OKLAHOMA CITY -- A federal judge in Texas on Tuesday rejected Oklahoma’s attempt to have a federal prisoner transferred to state custody so he can be executed.
U.S. District Judge Reed O’Connor denied Oklahoma’s request to have inmate John Fitzgerald Hanson, 58, transferred from federal custody to Oklahoma and dismissed the case for lack of jurisdiction.
Oklahoma sued the Federal Bureau of Prisons in October for refusing to turn over Hanson to state authorities, with federal officials saying at the time the transfer was “not in the public's best interest."
Oklahoma argued that federal prison officials acted beyond the scope of their authority, but the judge rejected that argument and wrote in his ruling that the Bureau of Prisons director has broad discretion over whether to refuse a transfer request based on his determination of the public interest.
Hanson was initially scheduled to receive a lethal injection on Thursday at the Oklahoma State Penitentiary in McAlester.
He was sentenced to death in Tulsa County, Oklahoma, after he was convicted of carjacking, kidnapping and killing Mary Bowles, 77, after he and an accomplice kidnapped the woman from a Tulsa shopping mall. Hanson also is serving a life sentence for several federal convictions, including being a career criminal, that predate his state death sentence.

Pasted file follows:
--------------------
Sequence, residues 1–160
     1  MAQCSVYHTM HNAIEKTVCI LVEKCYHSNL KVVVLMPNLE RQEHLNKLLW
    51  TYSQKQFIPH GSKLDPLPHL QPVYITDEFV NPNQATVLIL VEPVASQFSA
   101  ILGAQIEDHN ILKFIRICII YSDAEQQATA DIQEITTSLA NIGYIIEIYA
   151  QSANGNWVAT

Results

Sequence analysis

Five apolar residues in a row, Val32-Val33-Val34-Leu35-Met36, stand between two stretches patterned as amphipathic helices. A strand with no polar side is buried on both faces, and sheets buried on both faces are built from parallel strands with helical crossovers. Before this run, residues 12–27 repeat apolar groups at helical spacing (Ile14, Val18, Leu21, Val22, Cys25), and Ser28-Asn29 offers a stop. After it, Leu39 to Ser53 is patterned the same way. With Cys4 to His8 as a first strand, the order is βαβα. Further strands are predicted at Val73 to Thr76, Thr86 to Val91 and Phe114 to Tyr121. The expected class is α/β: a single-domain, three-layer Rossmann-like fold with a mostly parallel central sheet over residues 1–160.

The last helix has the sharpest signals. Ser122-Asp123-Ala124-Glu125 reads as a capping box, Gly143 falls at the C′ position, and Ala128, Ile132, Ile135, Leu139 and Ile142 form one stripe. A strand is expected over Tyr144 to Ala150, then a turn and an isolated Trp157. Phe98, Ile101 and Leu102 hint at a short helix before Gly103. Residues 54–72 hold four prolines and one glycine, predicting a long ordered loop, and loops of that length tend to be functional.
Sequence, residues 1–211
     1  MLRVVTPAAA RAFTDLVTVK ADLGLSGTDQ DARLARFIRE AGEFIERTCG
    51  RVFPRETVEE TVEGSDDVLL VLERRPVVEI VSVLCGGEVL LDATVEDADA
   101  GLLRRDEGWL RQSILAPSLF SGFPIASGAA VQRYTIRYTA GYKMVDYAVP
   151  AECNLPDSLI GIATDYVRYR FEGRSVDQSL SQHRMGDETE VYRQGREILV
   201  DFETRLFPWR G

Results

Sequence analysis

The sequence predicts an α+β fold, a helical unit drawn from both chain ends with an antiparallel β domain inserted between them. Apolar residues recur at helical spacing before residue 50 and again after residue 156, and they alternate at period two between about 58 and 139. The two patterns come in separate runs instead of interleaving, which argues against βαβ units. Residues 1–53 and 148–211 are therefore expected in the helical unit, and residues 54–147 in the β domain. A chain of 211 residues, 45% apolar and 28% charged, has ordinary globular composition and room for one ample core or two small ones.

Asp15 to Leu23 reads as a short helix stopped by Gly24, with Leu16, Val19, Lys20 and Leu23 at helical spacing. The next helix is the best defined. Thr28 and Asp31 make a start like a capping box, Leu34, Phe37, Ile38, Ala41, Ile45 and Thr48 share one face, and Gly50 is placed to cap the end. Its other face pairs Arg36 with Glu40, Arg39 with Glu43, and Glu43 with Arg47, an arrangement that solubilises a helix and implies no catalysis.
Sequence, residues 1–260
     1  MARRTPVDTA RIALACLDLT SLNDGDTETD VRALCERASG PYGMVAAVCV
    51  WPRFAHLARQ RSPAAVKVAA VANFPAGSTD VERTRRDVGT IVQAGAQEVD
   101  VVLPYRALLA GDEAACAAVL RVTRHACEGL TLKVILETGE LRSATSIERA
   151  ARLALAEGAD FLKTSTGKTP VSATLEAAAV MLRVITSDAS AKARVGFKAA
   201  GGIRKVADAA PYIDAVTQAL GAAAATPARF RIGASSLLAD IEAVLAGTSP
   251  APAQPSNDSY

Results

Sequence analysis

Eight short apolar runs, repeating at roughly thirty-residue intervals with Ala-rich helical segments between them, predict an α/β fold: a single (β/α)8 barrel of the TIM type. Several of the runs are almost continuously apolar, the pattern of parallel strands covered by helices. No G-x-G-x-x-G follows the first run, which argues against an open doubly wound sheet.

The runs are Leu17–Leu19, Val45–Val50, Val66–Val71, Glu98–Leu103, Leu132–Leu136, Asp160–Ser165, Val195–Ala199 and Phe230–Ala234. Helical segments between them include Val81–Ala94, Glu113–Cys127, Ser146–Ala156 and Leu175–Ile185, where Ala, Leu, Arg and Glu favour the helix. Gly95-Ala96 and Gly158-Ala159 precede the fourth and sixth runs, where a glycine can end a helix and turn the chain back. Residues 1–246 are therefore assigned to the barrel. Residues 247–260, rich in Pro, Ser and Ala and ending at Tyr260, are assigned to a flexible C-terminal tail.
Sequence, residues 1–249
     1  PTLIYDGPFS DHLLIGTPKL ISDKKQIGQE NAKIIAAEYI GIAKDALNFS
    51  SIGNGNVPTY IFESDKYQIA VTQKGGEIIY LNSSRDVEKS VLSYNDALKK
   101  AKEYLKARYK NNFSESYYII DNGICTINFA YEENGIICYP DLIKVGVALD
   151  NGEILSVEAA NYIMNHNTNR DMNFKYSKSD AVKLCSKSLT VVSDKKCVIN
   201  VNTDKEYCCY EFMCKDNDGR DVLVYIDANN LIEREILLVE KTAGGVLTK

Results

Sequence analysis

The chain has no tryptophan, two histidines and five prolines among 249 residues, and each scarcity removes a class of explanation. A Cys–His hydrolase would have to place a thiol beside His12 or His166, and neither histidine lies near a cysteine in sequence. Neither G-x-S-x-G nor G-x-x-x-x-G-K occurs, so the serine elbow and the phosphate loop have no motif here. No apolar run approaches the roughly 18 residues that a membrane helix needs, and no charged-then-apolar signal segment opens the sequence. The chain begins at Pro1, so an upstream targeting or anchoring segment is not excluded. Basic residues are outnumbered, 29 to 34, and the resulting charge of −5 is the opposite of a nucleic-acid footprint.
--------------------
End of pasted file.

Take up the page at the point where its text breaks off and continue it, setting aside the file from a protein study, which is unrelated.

“We disagree with the court’s decision,” Oklahoma Attorney General John O’Connor, who is not related to the judge, said in a statement. “It is in the public interest for John Hanson to face justice for the murder of Mary Bowles. We are evaluating our options going forward.”
The U.S. Justice Department under Democratic President Joe Biden — who has vowed to work to end the death penalty — announced last year that it was halting federal executions. That step came after a historic use of capital punishment under Donald Trump’s presidency, with 13 executions carried out in six months. The Bureau of Prisons’ refusal to turn over Hanson has raised questions about whether the agency is using its power to deliver on the president’s political pledge.
Messages left Tuesday with attorneys for the Bureau of Prisons were not immediately returned.
Oklahoma has put to death seven inmates since resuming executions in October 2021 and has scheduled 18 more executions in 2023 and 2024. The state had one of the nation’s busiest death chambers until problems in 2014 and 2015 led to a de facto moratorium. That included prison officials realizing they received the wrong lethal drug just hours away from executing Richard Glossip in September 2015. It was later learned the same wrong drug had been used to execute an inmate in January 2015.
The drug mix-ups followed a botched execution in April 2014 in which inmate Clayton Lockett struggled on a gurney before dying 43 minutes into his lethal injection — and after the state’s prisons chief ordered executioners to stop.